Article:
I Took My Own Advice: 1970s Tan Bass Weejuns

1970s Deadstock Tan Bass Weejuns

Shopping Your Own Closet Really Works!

Last week I wrote about ‘shopping your own closet’. Well, I thought I’d take my own advice today and start digging around in some of those carefully preserved items way back at the bottom of stacks of shoe boxes in what’s supposed to be my office.

As everyone knows, these days Bass Weejuns (with the exception of the odd Made in Maine by Rancourt models) are no longer lovingly crafted out of top quality materials, but appear instead to be almost injection moulded out of licorice and tar paper.

1970s Tan Weejuns for Summer

I recently bought a pair of the tan Logan model which uniquely amongst the regular stock of unlined versions of the classic shape, are made from a very flexible tan leather. It’s by no means full grain, but it doesn’t have that nasty baked on teriyaki glaze the others have. It’s great for knocking around, soft enough to wear without socks for what our American cousins call ‘yard work’ and now they’re breaking in, I can just about live with the fact that the sole and heel edging IS coated in terayaki sauce of the darkest hue.

Whoever spec’d that model in tan but didn’t think to leave the edges unglazed or at least give them a sympathetic light transparent one was a stylistic illiterate.

The original version of the tan Weejun in soft chromexcel type leather first appeared in the late 1960s and was often worn with off white jeans or a wash’n’wear poplin suit. Bass offered the model for some time and although I don’t remember John Simons stocking them at the beginning of the 80s (I could be wrong about that) the Natural Shoe Store in Neal St was the importer and had a few extra models. My friends and I bought ours there and wore them till they fell apart at the seams.

The Ivy Style in 1980s London

Finding these shoes brings up a lot of memories of when I was a teenager first finding my way into classic American style.

It may be nearly impossible to imagine, but our view and understanding of American clothing tradition at that time came only through three distinct prisms.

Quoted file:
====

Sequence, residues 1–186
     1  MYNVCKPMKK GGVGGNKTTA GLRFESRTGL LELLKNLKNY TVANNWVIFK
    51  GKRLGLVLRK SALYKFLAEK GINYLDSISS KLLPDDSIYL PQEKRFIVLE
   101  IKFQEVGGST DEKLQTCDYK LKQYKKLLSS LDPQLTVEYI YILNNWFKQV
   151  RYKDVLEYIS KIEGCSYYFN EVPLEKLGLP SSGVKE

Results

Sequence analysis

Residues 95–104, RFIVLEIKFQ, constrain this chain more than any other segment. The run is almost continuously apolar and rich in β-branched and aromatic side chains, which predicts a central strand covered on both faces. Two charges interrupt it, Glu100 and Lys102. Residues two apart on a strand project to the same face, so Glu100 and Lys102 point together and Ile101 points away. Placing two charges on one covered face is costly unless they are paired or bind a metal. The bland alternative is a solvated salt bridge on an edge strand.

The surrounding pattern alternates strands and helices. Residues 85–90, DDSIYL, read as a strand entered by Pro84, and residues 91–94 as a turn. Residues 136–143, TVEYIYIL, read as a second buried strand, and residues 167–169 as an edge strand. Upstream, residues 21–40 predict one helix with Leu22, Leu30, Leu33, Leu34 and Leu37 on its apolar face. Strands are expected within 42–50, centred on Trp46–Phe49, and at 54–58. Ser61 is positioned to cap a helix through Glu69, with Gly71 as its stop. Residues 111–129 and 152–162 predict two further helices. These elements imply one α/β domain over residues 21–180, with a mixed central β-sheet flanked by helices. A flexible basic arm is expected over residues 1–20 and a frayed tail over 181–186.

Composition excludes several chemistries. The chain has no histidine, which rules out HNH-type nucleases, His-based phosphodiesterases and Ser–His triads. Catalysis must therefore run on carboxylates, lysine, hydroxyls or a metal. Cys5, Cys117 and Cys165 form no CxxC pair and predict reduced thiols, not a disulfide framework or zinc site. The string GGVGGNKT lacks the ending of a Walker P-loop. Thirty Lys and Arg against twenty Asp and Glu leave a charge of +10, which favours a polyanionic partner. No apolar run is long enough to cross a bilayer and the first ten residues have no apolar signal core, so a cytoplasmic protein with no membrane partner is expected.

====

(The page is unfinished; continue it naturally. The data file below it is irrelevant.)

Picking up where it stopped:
1. Jazz and The Look

Firstly, the much mentioned jazz album covers. At the turn of the 1980s there was maybe one book on modern jazz in print in the UK (by German critic Joachim Berendt) and even the best record store had no more than a random handful of jazz reissues. This informed us of the cool history of the look as far as we could tell. But as far as buying these clothes was concerned? Well, good luck on that score. Maybe at Flip, if the rag bale sorters didn’t have the items wrongly pegged as ‘rockabilly’ or that horrible oversized and ripped 501 and satin MA1 jacket ‘Bros look’ that passed for ‘cool’ in the 80s – a look that was typified by actor Jesse Birdsall and ‘style guru’ Robert Elms – and had ramped up the price.

2. Out Of The Past and Into the 80s

Secondly, movies. These didn’t even have to be old. The American classic look was so uniform still (and it was a uniform) in those days that even current movies featured hard to find here items; like Brooks Brothers shirts and flat front chinos. Almost all trousers sold in the UK at that time bar terrace wear Farah slacks which were a total no-no for us were pleated.  Of course weejuns or a version thereof where part of that look, too.

Movie actors like Robert Redford, Clint Eastwood, Jeff Bridges or William Hurt – the few who understood the traditional of American style and were never fashion conscious – would wear Lacoste polos, chinos, early era Nike trainers, LL Bean field coats, A2 jackets, heather grey Ts, plaid shirts and the like. We saw this as a direct line that came down from Cary Grant and Gary Cooper era, via William Holden and Rock Hudson, through the button down years of Lemmon, Randall and Peppard and the mavericks like McQueen, Newman and Perkins to those present day actors. In the 1984 movie Against All Odds (itself a remake of the Robert Mitchum classic Out of the Past), compare James Woods dated euro trash style with Bridges’ understated classic look. Bridges was definitely aware of American style as a continuum.